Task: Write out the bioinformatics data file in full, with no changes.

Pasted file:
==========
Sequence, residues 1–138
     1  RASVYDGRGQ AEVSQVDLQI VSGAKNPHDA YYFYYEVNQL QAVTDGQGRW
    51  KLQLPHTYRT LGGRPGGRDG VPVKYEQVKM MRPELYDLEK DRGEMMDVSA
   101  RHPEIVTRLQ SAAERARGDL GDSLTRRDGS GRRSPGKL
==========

Sequence, residues 1–138
     1  RASVYDGRGQ AEVSQVDLQI VSGAKNPHDA YYFYYEVNQL QAVTDGQGRW
    51  KLQLPHTYRT LGGRPGGRDG VPVKYEQVKM MRPELYDLEK DRGEMMDVSA
   101  RHPEIVTRLQ SAAERARGDL GDSLTRRDGS GRRSPGKL